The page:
Cutting Edge > Introductory Courses > Browse Activities > Net Radiation and Temperature

Net Radiation and Temperature

Allison Dunn
,
Worcester
Author Profile

This activity has benefited from input from faculty educators beyond the author through a review and suggestion process.

This review took place as a part of a faculty professional development workshop where groups of faculty reviewed each others' activities and offered feedback and ideas for improvements. To learn more about the process On the Cutting Edge uses for activity review, see http://serc.carleton.edu/NAGTWorkshops/review.html.


This page first made public: May 7, 2008

Summary

This assignment helps students think about how net radiation affects surface temperature.

Used this activity? Share your experiences and modifications

Context

Audience

I use this assignment in an introductory meteorology course, but it would also be appropriate for a course in physical geography.

Skills and concepts that students must have mastered

Students must understand how the earth receives and emits radiation, and how this affects temperature.

How the activity is situated in the course

I give this activity early in the course, as we're looking at what factors influence surface temperature.

Goals

Content/concepts goals for this activity

The goal of this activity is for students to think about how radiation deficits and surpluses affect surface temperature and how these patterns change throughout the year.

Higher order thinking skills goals for this activity

Students use data and their knowledge of energy deficits to predict when the temperature minimum will be at a site.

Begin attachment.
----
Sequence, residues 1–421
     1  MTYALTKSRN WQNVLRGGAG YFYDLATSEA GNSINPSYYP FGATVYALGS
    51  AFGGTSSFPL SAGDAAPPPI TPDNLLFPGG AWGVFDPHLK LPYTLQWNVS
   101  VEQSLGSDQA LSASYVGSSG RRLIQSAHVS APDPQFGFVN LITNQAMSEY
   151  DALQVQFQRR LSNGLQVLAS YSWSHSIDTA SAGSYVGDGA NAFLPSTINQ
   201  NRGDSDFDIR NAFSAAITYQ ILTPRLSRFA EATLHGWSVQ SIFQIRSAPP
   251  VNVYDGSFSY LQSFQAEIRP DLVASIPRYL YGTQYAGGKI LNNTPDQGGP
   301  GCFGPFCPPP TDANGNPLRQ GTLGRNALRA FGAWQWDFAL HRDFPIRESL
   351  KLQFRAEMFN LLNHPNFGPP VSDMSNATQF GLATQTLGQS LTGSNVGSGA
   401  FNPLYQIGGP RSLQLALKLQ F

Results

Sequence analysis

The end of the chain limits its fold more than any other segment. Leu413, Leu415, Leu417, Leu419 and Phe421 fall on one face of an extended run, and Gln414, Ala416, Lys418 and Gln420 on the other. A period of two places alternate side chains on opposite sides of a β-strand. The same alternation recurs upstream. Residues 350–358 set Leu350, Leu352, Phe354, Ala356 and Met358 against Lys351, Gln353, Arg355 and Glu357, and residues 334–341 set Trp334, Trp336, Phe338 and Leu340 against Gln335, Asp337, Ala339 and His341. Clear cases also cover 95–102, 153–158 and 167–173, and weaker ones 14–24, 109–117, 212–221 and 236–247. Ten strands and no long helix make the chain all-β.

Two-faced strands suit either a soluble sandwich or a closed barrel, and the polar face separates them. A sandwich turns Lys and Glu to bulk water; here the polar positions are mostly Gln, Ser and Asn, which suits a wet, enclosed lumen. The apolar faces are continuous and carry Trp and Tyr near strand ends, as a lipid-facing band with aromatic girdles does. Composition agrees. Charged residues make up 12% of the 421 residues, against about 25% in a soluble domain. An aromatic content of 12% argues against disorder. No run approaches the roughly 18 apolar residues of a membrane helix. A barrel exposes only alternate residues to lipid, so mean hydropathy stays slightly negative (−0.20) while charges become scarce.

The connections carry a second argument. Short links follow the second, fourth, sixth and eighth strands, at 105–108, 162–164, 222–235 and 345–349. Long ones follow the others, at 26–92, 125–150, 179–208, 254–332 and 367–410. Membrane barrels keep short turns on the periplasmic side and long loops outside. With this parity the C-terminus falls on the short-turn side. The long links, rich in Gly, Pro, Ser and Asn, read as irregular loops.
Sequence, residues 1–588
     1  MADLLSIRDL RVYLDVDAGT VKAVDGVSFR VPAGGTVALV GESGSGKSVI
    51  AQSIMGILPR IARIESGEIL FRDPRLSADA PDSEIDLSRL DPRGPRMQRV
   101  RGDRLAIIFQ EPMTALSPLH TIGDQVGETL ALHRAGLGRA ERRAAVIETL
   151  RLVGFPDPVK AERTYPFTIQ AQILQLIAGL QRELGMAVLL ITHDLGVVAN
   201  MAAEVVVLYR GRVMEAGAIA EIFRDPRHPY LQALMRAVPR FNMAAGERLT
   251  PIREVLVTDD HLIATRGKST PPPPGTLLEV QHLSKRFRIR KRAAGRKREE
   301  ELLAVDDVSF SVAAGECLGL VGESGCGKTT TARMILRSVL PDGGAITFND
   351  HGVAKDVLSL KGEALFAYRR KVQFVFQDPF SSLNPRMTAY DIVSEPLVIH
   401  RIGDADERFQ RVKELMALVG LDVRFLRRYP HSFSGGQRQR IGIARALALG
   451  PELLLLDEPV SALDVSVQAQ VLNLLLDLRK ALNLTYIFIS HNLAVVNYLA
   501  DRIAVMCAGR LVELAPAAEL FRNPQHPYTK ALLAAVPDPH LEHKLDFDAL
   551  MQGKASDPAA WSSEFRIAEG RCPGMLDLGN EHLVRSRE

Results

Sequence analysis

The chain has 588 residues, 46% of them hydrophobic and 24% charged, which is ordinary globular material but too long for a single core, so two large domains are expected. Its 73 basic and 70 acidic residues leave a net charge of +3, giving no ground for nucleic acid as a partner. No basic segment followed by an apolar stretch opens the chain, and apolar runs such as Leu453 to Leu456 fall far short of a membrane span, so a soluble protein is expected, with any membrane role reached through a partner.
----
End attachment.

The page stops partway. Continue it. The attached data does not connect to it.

Other skills goals for this activity

Graphing skills are practiced as students plot data on a graph.

Description of the activity/assignment

In this activity, students analyze actual net radiation data from their professor's field site in Northern Manitoba, Canada. They use this data to assess when the site has a radiation surplus and when it has a deficit. They use this data to estimate the time of the temperature minimum. They then think about what they've learned about seasonal cycles in insolation to predict how these patterns would shift at a different time of year.

Determining whether students have met the goals

I examine their completed assignment.

After they have completed their work, I set aside the first part of the next class so we can discuss the assignment. There is a VERY common misconception that the temperature minimum occurs at the same time as the net radiation minimum. I bring a plot of the actual temperature cycle from the same day and we talk about why the earth continues to cool down until the dawn hours.

More information about assessment tools and techniques.

Download teaching materials and tips

Other Materials

See more Browse Activities »